Strengthening the Courts of Bosnia and Herzegovina
Murret, Eugene J., Judicature
The recent independence of Kosovo in the Balkans may remind readers of the 1995 Dayton Peace Accords that ended the tragic four-year war (1992-1995) in Bosnia and Herzegovina (BiH) started by Bosnian Serbs (Orthodox Christians) against Bosniaks (Bosnian Muslims), and Bosnian Croats ( Roman Catholics). The Accords established two entities in BiH: Republika Srpska (mainly Serbs) and Federation BiH (mainly Bosniaks and Croats), each with its own governmental structures. The national government has limited powers within a quasi-federal system.
The four-year hiatus in judicial activity during the war resulted in huge case backlogs, some of which remain to this day, some 13 years later. In the early 2000s, the internationally-sponsored Independent Judicial Commission required the more than 1,500 judges to submit their resignations and re-apply. The process cleansed the system of corrupt or unqualified judges, with some 30 percent of judges failing to win reappointment.
During 2003-2004, the Office of High Representative (OHR), which has ultimate authority to implement the Dayton Accords, imposed new laws governing the courts; new codes of civil and criminal procedure; and a new High Judicial and Prosecutorial Council (HJPC) to govern the judiciary. The judicial process in criminal cases was changed from a mixed inquisitorial/accusatory system to a more adversarial system. A judicial training center was established in each of the two entities. The HJPC, composed of an equal number of representative judges and prosecutors, appoints judges and prosecutors (for life), and is responsible for the disciplinary process and administration of the courts. The Ministries of Justice (MoJ) of the two entities have some oversight powers, some of which overlap those of the HJPC.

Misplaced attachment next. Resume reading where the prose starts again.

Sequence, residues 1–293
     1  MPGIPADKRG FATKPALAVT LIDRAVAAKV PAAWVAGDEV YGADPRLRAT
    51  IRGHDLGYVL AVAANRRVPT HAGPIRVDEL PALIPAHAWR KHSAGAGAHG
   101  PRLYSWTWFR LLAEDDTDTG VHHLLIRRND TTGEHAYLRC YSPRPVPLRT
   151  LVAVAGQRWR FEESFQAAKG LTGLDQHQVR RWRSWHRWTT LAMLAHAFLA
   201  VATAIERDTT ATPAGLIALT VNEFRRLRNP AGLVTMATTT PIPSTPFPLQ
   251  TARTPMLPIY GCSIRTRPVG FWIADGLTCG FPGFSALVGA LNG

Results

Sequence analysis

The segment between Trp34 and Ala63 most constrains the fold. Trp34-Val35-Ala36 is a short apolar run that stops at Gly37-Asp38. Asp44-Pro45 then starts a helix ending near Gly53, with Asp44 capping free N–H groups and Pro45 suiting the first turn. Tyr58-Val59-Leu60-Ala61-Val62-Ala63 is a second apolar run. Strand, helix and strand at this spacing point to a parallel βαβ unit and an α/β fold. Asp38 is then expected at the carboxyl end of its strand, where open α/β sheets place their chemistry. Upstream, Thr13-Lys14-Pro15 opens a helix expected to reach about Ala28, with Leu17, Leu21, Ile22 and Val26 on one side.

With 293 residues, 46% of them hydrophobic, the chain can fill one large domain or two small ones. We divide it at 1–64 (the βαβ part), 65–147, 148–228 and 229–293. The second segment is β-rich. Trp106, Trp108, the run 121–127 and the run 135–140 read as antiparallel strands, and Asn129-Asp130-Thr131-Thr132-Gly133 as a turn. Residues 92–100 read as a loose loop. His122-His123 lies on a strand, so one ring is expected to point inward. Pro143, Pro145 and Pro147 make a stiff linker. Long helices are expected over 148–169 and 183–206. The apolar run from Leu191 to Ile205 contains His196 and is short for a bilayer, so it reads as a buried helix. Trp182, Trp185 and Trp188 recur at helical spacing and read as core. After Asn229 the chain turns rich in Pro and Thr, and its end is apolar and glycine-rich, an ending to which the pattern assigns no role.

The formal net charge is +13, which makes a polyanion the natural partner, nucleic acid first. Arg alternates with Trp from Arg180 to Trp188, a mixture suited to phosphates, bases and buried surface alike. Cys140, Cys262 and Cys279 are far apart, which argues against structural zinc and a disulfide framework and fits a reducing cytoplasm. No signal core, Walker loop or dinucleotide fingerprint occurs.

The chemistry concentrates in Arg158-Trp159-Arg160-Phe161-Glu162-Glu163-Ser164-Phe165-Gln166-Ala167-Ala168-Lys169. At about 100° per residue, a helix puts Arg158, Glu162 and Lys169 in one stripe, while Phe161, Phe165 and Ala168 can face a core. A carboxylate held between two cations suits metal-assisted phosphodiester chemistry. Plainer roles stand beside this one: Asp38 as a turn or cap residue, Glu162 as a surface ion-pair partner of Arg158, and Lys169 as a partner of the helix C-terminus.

A number of needs for strengthening the courts and improving the administration of justice were identified. Among them: management training for court presidents and court administrators; case processing time standards; legal aid for indigent criminal defendants; statistical reports on the work of the courts; performance standards for judges; strengthening the budgetary process and financial management; automation; customer service; records management; human resources management; public information programs; case backlog reduction; upgrading court buildings; and recording of court hearings and trials.
In 2004 USAID funded a five-year technical assistance contract with East West Management Institute to strengthen the MoJ, the HJPC, and the courts through a Judicial sector Development Project (JSDP). (The author heads the component working to strengthen the courts). This is done through a Model Courts Initiative in which a package of 11 court administration improvements are introduced into selected courts, with the expectation that other courts will want to emulate them. To date the Initiative has directly reached 17 of 64 courts in the country, including courts in both entities and at the trial and appellate levels.
The package of court administration improvements includes management training of the court leadership and key staff; training judges in efficient processing of civil and criminal cases; public information programs; developing case backlog reduction plans; renovation of court building entrances and public and registry areas; audio recording equipment; and standards for appointment of counsel to represent indigent defendants in criminal cases. Several specific reforms have already reached all courts through instructions by the HJPC, e.g., a common case-numbering system (a single case retains the same number until final judgment; thus, no case is counted twice because of multiple numbers); open filing cabinets with vertical instead of horizontal filing of case files for greater efficiency; and file locator cards.
During the final year of the Project, which began in April 2008, the HJPC and JSDP jointly are initiating a standards-based approach to model courts. …